http://oceat.wordpress.com

  3. 3

    Gastronomer — June 7, 2009 @ 6:50 pm

    SHRIMP! What a great addition.

  4. 4

    bnto_2002@yahoo.com — June 9, 2009 @ 4:04 am

    amazing blog site! The recipes make me salivate instantly – especially just by looking at the pictures. You really know your photography. Keep up the good work.

  5. 5

    Angry Asian — June 10, 2009 @ 1:32 pm

    ok. confession: i'm *sure* i've had this dish before, growing up in a vietnamese household, i must've. however, i don't always know the names of the dishes… FF to present day, recently at a local viet restaurant, my roommate ordered this dish. the menu did not give a description and she asked me what the dish entailed. I HAD NO IDEA! i should've been embarassed but i was more amused that a spanish girl was venturing into uncharted territory. she has requested that i make this soon, and with your recipe handy, i'll be able to now. :) thank you for posting it.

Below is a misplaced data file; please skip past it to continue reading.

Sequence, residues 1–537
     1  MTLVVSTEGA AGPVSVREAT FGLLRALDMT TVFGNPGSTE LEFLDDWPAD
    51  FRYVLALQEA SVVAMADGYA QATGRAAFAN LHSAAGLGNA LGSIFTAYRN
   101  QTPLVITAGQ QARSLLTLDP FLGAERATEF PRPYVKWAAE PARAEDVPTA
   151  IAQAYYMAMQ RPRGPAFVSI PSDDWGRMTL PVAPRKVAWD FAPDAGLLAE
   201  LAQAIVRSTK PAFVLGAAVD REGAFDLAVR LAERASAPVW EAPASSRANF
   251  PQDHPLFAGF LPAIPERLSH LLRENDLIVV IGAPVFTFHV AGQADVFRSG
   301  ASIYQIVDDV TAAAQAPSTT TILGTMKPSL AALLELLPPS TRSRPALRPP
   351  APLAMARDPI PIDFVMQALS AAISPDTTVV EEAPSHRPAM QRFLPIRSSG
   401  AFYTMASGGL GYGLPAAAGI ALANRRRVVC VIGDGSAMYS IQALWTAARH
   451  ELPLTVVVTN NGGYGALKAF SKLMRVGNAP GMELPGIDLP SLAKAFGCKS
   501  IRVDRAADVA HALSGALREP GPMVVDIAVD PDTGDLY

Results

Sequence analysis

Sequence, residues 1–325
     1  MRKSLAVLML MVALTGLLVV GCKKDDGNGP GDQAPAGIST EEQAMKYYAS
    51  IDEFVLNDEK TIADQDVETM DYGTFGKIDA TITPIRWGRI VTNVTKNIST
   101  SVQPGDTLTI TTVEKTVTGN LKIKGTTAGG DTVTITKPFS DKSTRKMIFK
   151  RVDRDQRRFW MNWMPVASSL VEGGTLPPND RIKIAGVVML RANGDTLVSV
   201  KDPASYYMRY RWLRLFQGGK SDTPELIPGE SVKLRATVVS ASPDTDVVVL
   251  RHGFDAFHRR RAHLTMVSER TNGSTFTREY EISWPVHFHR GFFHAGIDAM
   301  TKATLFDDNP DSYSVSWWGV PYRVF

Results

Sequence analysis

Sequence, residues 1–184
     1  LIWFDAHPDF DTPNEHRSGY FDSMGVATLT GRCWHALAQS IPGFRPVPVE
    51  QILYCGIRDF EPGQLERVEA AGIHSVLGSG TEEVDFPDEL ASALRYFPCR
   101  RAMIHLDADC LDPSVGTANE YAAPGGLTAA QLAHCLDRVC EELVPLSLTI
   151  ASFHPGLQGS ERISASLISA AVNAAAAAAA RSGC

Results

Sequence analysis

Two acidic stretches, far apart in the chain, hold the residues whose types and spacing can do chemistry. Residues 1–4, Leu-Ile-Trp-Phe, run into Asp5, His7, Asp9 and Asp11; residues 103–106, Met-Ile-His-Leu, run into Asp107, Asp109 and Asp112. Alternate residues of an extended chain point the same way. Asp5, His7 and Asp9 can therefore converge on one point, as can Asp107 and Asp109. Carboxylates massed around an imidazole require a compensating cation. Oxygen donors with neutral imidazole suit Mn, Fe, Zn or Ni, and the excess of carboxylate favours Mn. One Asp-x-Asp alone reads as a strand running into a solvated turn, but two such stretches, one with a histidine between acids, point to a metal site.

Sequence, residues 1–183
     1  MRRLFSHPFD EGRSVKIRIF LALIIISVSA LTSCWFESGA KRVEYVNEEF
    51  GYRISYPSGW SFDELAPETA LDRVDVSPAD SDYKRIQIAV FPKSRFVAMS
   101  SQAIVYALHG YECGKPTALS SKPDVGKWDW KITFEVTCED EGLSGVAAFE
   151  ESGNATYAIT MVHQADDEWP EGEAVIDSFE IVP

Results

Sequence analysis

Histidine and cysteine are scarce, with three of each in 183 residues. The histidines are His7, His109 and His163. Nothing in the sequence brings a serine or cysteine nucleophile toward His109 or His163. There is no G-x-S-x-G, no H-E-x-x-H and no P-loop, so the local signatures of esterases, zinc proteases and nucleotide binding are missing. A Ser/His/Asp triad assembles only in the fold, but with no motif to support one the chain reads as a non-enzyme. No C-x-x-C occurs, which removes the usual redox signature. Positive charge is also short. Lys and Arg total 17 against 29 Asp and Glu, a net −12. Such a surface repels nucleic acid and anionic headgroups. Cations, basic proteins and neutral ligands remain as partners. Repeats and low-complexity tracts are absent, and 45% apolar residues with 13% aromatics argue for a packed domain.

6. 6

    The Food Addicts — June 10, 2009 @ 3:57 pm

    Bun cha hanoi is one of my favorite dishes! I've been ordering this dish a lot when I go to Brodard. What a great post – I can't wait to try out this recipe and impress my parents, lol.

  7. 7

    Ravenous Couple — June 11, 2009 @ 9:09 pm

    Cookin Canuck: Thanks so much!

    Cam: Thanks for the link! We'll link back to yours.

    Gastronomer: Yeah it's not traditional but we're crazy that way :)

    bnto_2002: Thanks and visit again!

    Angry Asian: Let us know if you guys do and post soon!

    Food Addicts: Krissy, that's alot of pressure! I'm sure it'll be great!

  8. 8

    Self Sagacity — February 14, 2010 @ 8:04 pm